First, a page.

At a time when many contractors are looking to help solve their labor woes by bringing in more workers, a new report argues that upskilling strategies can help companies close talent gaps in their workforce and increase retention.
As more tasks are becoming automated, companies need employees who can work with this expensive equipment, according to a white paper from Hanover, Maryland-based talent provider Aerotek.
Training can be expensive and companies need to make sure that their culture and staff are prepared, according to Aerotek. They also need to ensure that their culture encourages retention. If it doesn’t, they may be training employees for their competitors.
Before any company embarks on a hands-on education program, here are seven things that managers need to keep in mind.
1) Training can fill gaps. Aerotek Business Development Executive Scott Minto said that providing new skills can help fill the biggest in-demand skillsets, including electrical, carpentry, welding and soldering, plumbing, pipefitting, machinery and construction equipment operation.
"If a valued employee isn’t utilizing certain tools and skills, for example how to read plans, the best approach to upskilling that employee would be teaching them how to do that certain skill," Minto said. "It'll open a lot more opportunities both for the company and for the employee."
2) Upskilling isn't easy. Hands-on education may help fill gaps and retain employees, but many companies aren't prepared for it. While 74% of companies acknowledge that upskilling their workforce is critical, only 10% of businesses say they are well prepared to address this issue, according to Staffing Industry Analysts.
3) Schedule regular training. Committing to training is great in theory, but how do busy companies incorporate it into their daily and weekly tasks?
Aerotek suggests getting creative with shift schedules. For instance, a company could designate one day a week solely focused on training, either on site or through virtual programs, to allow workers to develop their skills.
4) Find skill gaps. Minto said companies can start by designing a program internally based on the greatest skill gaps in employment that have been identified.
"Every company's upskilling program is going to look different because of their business and employee makeup," Minto said. "For example, one company may be well staffed on the skilled trades side but doesn’t have many superintendents. They may decide to focus on finding their top-five skilled trades employees and upskilling them to become superintendents."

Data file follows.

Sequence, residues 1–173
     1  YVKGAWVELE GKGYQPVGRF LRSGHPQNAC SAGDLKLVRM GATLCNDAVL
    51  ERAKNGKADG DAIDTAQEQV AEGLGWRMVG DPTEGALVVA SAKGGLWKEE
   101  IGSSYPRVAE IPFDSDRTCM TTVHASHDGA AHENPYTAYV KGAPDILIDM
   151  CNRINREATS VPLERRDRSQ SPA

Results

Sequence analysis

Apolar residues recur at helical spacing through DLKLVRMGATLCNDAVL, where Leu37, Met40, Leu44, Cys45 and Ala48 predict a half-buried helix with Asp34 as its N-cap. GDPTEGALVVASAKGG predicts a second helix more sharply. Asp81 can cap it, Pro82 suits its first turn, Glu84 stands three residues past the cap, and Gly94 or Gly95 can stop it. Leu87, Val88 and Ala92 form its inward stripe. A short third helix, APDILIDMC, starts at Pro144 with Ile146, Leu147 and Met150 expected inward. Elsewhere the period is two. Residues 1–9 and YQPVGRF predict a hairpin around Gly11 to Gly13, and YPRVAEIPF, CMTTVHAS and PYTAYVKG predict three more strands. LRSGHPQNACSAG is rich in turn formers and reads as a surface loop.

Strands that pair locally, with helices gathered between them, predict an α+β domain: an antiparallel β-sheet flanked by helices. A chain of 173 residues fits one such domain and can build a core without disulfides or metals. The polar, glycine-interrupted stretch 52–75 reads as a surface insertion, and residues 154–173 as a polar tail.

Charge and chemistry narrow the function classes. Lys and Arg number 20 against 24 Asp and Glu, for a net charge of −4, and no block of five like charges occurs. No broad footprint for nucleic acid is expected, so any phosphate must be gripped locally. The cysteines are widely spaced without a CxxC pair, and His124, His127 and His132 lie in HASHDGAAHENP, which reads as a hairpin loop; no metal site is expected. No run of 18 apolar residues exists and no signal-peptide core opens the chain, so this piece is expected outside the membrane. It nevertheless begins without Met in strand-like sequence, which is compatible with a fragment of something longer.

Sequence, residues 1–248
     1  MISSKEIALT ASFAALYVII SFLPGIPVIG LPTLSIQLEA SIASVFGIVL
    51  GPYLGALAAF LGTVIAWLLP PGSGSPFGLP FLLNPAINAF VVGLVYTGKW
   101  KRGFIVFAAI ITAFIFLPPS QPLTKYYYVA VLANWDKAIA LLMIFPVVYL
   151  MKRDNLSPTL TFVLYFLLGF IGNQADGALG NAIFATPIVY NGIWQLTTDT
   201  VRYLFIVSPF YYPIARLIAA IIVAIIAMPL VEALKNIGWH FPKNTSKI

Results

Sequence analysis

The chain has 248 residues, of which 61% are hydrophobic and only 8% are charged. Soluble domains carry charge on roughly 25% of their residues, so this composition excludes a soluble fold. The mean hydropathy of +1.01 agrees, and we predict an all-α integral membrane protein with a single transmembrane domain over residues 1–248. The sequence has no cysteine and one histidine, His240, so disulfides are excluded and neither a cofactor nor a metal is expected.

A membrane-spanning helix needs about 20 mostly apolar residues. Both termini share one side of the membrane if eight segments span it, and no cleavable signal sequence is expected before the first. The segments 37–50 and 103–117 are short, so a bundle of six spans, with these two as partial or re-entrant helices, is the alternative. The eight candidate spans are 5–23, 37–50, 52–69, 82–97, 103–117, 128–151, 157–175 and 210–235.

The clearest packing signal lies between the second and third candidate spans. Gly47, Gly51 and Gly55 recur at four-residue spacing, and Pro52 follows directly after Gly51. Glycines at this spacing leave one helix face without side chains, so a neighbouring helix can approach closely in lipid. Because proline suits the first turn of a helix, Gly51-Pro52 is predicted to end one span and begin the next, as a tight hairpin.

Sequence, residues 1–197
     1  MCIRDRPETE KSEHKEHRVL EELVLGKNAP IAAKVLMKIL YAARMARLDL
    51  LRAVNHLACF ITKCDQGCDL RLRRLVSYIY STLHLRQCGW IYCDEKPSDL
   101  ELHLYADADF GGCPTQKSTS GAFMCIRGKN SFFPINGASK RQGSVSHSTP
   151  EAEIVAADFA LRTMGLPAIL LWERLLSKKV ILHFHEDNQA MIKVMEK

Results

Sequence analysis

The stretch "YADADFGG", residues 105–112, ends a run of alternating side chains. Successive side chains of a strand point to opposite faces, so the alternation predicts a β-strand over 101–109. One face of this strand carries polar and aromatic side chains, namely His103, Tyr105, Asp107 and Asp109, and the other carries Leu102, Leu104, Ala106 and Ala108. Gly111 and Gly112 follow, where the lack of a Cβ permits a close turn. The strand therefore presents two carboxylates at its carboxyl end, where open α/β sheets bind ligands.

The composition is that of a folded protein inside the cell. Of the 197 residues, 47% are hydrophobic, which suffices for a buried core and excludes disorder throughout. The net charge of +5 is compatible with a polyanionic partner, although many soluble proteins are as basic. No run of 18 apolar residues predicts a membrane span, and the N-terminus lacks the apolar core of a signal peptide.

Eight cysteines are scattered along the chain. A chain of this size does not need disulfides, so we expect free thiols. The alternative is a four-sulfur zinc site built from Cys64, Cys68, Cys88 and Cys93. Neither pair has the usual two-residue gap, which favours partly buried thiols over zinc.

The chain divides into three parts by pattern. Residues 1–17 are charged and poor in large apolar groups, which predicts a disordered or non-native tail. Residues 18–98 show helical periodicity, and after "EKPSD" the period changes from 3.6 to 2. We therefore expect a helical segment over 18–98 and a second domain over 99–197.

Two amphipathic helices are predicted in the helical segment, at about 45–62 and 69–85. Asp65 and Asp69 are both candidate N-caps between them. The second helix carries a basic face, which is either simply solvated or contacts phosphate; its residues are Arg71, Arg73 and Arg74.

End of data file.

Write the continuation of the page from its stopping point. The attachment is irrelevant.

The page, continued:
5) Find the right people to train. Not every worker is ready for an education program. Companies should target certain soft skills and traits before they launch a training program, according to Aerotek. As companies approach employees about entering their training program, they are identifying future managers and trainers who need to manage interpersonal relationships and display empathy.
Companies also need to identify employees who are continuously trying to improve their craft and show an interest in the overall business. Hands-on education programs can show these workers a commitment to their growth and development, keeping promising associates in an organization.
6) Have regular reviews. To determine if employees are suitable for upskilling, organizations need to create a consistent schedule for performance reviews and one-on-one sessions. The more touchpoints a company builds in, the more it knows about an employee’s concerns and ambitions. That helps them determine if that worker is right for a long-term investment.
7) Consider outside help. If a company needs help to train its employees, it can seek outside help. Minto suggests advocating for skilled trades education at the high-school level, leveraging training from building products manufacturers, partnering with organizations that specialize in skills development and creating trade school outreach strategies are essential to bringing more workers into the construction industry.
"As for construction workers looking for help, if they have the ability and time to do so, consider enrolling in trade school or completing a course or certification in a specific skilled area," Minto said. "Or, they can talk to their employer about what skills they can learn to further a career with them."